FIRST LOOK: Young Wallander (Season 2)
To begin with, I have to state that even from before the airing of the first season of this show, I was wary of the final result as it is quite an audacious enterprise to take one of the most iconic protagonists in the Swedish crime fiction and chronicle his early days without relying on a novel to support the script. Henning Mankell's solitary, aloof Inspector Kurt Wallander has been the source of inspiration for several television shows, the most prominent being the English one with Kenneth Branagh embodying the legendary character, while there are also two Swedish versions, one starring the veteran actor Rolf Lassgård and the other featuring Krister Henriksson in the role of Wallander. The Henriksson adaptation was the only one that wasn't based on the actual novels of Mankell, though the Swedish crime fiction guru collaborated in the writing of the screenplay for several episodes. Henriksson's portrayal of Wallander is still considered to be the most consistent with the author's descriptions in the books and watching the show's three seasons, the viewer gets the feeling that he was born to play the part.
Young Wallander is an ambitious project and the creators had to imagine and introduce to the audience Kurt in his early days as a beat cop and his subsequent promotion to a detective in the police force. Even though the novels are set in the little town of Ystad in southern Sweden, the show takes place in Malmo, a city ravaged by crime which is still today weighed as one of the country's most dangerous municipalities. This change of setting is deliberate as the screenwriters can best narrate their stories in the context of a hazardous environment where various criminals fight for the control of their areas of influence and the police is treated with suspicion or even with open hostility. The cinematography of the series is one of the perks of this production and the audience is transported in a gloomy town that is carefully lit by the photography crew in a way that is reminiscent of the modern neo-noir tradition in cinema and television. There are plenty of visually arresting shots that aspire to convey the dark aura that springs from the story's main themes.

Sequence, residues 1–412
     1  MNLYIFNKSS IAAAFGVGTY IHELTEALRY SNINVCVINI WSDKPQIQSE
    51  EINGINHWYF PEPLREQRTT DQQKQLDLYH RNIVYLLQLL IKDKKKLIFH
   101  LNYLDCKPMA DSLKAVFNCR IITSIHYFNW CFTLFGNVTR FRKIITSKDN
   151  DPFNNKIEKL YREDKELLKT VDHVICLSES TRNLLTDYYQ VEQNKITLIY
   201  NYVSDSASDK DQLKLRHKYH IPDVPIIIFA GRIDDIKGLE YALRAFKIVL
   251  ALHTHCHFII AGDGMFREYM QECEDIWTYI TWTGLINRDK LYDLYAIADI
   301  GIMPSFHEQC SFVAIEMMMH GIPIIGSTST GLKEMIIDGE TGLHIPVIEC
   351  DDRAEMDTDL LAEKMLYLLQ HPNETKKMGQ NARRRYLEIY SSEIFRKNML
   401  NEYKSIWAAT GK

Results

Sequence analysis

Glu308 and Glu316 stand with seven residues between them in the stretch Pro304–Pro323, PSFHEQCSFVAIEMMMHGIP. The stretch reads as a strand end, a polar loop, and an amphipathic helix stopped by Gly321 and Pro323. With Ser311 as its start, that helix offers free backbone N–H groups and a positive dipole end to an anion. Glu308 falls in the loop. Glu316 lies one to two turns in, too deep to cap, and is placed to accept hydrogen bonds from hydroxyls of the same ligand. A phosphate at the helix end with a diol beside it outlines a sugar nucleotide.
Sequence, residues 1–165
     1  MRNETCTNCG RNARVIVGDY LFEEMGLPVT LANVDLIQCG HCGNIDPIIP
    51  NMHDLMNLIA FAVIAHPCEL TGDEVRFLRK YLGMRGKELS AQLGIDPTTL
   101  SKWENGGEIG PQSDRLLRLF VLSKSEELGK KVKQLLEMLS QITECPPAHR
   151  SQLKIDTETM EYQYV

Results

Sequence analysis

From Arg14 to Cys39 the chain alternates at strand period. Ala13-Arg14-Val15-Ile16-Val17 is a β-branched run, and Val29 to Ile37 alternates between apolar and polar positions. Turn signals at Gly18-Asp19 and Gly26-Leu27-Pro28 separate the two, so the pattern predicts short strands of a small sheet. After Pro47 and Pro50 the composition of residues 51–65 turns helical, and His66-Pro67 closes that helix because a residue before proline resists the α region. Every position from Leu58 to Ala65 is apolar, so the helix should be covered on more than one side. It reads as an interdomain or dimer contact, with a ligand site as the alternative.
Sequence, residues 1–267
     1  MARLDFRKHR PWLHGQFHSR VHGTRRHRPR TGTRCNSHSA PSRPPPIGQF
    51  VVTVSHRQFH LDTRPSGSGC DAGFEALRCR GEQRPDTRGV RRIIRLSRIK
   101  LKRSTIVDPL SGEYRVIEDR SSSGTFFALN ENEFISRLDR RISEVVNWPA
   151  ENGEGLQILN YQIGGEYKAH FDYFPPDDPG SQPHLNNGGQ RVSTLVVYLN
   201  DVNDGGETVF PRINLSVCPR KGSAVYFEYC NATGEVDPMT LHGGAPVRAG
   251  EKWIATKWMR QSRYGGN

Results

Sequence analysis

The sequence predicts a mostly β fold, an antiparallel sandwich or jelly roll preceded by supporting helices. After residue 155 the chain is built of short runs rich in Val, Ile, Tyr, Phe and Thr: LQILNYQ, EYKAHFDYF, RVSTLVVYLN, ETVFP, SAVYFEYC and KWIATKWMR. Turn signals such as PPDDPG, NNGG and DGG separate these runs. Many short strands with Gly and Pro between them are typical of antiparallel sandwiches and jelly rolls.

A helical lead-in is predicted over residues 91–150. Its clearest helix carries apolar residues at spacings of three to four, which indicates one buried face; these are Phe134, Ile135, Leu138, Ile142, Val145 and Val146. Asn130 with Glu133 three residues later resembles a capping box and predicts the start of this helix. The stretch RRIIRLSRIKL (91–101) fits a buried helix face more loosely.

I insist that Adam Pålsson is not an apt choice for the role of Kurt in his days of youth. I've watched the young actor's work in several other television shows such as Bron/Broen and Before We Die and I always found his performance to be flat and stale while his physical appearance certainly doesn't do him any favors as he seems to be suited for roles of teenagers rather than characters who carry a profound internal burden like Mankel's most popular fictional creation. His overall presence is deemed weak and deficient and through his character the viewer, who is familiar with the novels, can find none of the traits belonging to Wallander and made him one of the most palatable protagonists in Nordic crime fiction since its very beginnings. I think that the choice of Pålsson is a typical example of miscasting and I think that the same show with another lead actor would certainly be a lot more alluring. In general, the performances in Young Wallander are rather mediocre from the majority of the cast and this is one of the prime reasons why the series eventually disappoint.